|Restored icon of Abbot Menas and Christ|
"And as we have received the soul as a deposit, let us preserve it for the Lord, that He may recognize His work as being the same as He made it" - St Athanasius, Life of St Antony
Recently, and throughout Church history, people have been getting caught up on words. Words are important. In our Orthodox Church, we were at odds with each other because of a single letter that changed what we believed. You know what’s just as important? The meaning behind those words. If someone uses a toothbrush to clean their tires, does that change the original purpose of the toothbrush? It works for them, but it’s original purpose was to clean teeth. Just because someone uses it for something else, does that mean you will stop using it? No. So why do we do this when it comes to the Church. Don’t be afraid and put the toothbrush away. Use it for its purpose and reaffirm it.
Grace - Growing up, I have not heard about the grace of God nearly as much as the 'works' part. Yes, St James says "For as the body without the spirit is dead, so faith without works is dead also" (James 2:26). It's true, faith without works IS dead, but does that mean we ignore the faith part? Let's use his example, the body without the spirit is dead, but can the spirit (not soul, but the spirit which gives the body actual life and movement) do anything without the body? No. Why are we scared to talk about God's grace?! We're so scared of how other religions or people have used the term, that sadly we are afraid to speak on it. Yes, we need works, but as Acts 15:11 says "But we believe that through the grace of the Lord Jesus Christ we shall be saved in the same manner as they.”
Don't be afraid, talk about God's Grace.
Praise and Worship - If you attend an orthodox church in America, you probably get a few eye rolls if you use this term. Again, just like 'grace', it doesn't matter how other people or religions use the term. PRAISE AND WORSHIP IS A GOOD THING! What Christian does not offer up praise to God? We talk about "a mercy of peace, a sacrifice of praise"
Fr Thomas Hopko writes:
In addition to being the perfect peace offering, Jesus is also the only adequate sacrifice of praise that men can offer to God. There is nothing comparable in men to the graciousness of God. There is nothing with which men can worthily thank and praise the Creator. This is so even if men would not be sinners. Thus God himself provides men with their own most perfect sacrifice of praise. The Son of God becomes genuinely human so that human persons could have one of their own nature sufficiently adequate to the holiness and graciousness of God. Again this is Christ, the sacrifice of praise.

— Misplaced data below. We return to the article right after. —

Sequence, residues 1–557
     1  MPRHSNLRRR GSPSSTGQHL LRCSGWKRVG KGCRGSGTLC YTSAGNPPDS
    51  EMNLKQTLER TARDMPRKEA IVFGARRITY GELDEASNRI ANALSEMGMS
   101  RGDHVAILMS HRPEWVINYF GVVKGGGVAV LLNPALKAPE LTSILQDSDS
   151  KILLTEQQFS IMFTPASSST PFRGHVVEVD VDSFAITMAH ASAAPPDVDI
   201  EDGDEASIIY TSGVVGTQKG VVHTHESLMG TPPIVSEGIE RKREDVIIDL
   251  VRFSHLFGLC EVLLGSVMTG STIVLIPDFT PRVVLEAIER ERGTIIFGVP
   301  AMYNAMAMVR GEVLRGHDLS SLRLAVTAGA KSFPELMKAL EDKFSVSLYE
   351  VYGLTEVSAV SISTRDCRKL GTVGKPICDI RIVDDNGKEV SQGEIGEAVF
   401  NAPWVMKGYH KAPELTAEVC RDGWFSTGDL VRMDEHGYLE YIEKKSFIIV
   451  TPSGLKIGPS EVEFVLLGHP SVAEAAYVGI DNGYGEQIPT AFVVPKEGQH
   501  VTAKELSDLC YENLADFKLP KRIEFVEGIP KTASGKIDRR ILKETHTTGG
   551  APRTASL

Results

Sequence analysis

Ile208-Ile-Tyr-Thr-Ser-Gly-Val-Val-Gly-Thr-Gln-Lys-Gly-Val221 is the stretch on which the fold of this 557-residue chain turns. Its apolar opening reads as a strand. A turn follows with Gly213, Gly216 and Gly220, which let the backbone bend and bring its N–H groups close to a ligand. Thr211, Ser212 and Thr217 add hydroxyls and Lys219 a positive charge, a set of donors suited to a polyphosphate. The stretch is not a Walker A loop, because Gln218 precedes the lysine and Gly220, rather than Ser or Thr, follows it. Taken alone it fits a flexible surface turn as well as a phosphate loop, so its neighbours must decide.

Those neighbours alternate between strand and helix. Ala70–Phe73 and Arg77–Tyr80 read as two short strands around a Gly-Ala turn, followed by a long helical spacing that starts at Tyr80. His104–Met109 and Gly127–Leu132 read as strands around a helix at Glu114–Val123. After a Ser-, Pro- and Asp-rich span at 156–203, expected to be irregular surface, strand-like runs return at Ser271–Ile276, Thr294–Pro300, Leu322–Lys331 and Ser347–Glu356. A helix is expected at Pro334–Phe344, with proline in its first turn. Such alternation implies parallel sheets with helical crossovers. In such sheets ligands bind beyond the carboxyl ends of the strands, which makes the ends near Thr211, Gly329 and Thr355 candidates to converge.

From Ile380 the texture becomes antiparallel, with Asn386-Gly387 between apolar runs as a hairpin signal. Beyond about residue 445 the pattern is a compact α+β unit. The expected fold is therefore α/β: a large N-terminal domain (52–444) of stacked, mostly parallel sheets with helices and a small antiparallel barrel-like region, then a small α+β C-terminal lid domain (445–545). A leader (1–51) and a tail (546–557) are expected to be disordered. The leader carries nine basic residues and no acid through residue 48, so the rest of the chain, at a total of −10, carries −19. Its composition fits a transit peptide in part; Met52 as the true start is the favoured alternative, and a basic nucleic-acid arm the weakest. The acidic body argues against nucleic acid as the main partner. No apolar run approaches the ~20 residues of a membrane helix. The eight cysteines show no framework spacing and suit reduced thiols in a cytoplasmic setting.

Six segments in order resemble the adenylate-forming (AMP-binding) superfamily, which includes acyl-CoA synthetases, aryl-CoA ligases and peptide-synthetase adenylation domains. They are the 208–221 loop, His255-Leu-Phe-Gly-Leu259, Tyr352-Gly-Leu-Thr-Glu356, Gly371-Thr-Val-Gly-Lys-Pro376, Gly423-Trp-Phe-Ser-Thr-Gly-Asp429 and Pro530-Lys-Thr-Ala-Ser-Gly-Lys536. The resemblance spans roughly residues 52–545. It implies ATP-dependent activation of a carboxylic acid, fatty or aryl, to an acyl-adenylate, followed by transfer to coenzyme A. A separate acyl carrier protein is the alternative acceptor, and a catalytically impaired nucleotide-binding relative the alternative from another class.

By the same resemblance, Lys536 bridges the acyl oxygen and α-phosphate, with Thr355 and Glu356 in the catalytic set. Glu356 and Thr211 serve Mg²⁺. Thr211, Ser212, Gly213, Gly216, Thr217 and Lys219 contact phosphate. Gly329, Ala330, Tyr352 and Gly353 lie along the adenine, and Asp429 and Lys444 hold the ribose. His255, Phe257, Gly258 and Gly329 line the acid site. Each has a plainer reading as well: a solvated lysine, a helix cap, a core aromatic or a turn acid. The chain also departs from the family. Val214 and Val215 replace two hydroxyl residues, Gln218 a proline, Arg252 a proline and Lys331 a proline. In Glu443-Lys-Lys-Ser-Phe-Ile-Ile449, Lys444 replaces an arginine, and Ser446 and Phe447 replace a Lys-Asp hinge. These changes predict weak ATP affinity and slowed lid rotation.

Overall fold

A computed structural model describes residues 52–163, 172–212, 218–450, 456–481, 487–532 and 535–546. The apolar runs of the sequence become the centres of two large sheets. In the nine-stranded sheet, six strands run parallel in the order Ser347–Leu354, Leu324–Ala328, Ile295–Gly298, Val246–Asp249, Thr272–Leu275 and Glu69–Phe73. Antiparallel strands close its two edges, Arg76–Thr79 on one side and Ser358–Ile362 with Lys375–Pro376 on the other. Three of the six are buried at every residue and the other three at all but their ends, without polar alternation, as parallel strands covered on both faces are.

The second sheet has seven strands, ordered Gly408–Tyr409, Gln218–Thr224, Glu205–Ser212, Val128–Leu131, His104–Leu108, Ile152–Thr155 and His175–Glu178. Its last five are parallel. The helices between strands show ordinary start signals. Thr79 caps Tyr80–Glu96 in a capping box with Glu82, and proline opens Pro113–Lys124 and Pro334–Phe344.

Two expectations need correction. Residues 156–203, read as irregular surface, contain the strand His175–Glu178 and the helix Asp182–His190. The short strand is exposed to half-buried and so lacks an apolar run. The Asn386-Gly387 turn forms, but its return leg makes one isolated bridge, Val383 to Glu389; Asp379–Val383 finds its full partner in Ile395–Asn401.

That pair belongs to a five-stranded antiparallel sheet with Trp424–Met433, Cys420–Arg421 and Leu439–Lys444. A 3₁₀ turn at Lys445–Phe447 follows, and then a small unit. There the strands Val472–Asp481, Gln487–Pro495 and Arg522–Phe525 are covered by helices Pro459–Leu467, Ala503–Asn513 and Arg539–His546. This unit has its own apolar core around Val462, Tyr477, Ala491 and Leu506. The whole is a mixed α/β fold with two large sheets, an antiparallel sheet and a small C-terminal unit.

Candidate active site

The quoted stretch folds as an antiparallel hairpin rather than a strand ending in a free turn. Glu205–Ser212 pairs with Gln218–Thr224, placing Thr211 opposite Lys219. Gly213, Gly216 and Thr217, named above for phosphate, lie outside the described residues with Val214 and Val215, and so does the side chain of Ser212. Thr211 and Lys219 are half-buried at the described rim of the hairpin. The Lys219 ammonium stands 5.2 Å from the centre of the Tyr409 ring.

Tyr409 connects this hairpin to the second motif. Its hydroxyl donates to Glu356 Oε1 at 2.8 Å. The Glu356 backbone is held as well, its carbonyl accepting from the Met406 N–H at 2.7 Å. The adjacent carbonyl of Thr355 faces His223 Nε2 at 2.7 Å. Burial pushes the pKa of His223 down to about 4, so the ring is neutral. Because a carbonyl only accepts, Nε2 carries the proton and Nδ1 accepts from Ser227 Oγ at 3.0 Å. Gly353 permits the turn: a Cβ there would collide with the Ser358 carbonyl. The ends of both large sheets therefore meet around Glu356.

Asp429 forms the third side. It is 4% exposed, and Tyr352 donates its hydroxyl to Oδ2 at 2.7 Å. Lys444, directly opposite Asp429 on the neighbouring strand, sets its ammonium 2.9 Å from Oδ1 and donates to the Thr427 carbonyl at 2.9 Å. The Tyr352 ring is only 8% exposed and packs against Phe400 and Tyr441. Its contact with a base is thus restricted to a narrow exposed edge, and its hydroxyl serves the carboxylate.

Praise is God-centric. Worship is God-centric.
Also, Fr Alexander Schmemmann refers to humans as 'doxological and eucharistic beings'. It's an innate character of us to offer 'doxa' or 'praise'. What is a eucharistic being? Coming directly from the Eucharist, and the table of thanksgiving where the Lord shows us that true worship is Eucharistic, from the sacrament of the Eucharist. We are called to live sacramentally, how are we to do this if we separate worship from everything we do? Yes our primary worship is in the Eucharist, but once we partake of it, it fills our whole being and then we, through the Eucharist, are able to go into the world and express our worship to God in everything that we do.
Don't be afraid, we all offer up praise and worship God.
Theosis - Now really, if you even think of this word in our church, you better pack your bags because you're outta here! Again, the common problem we have today is how other people may have started to use and define the word, and we forget what it originally meant.
St Athanasius writes:
...but rather let him recognize the fact and marvel that things divine have been revealed to us by such humble means, that through death deathlessness has been made known to us, and through the Incarnation of the Word the mind whence all things proceed has been declared, and its Agent an Ordainer, the Word of God Himself. He, indeed, assumed humanity that we might become God.
At first, as Coptic Christians, we have a tendency to just dismiss this because of how it was used. I am not taking a stance. I am no scholar, have no formal Christian education, and I'm not trying to make any statements - but I was taught from a young age that the Christian life is a process of restoration. We are to be restored to God's image. This is why the initial quote from St Athanasius is very important. Let's look back at the meaning of what our fathers have taught us, rather than what some may make of it.
Let us preserve it, he writes, so that God may recognize it as being the same as He made it.
Let's not be so quick to dismiss an idea or terminology just because it's used a different way. Let's use everything as God had intended it and created it. Don't let the world or others take away what is ours. Take back what is yours. Terminology, phrases, art, music, whatever it may be. But know this, God's grace is for us. He took flesh and suffered death in the flesh for us, and we offer up praise and worship that is due to Him. All this so that one day we may reunite with Him.
Don't be afraid, God wants us to commune with Him and be one with Him.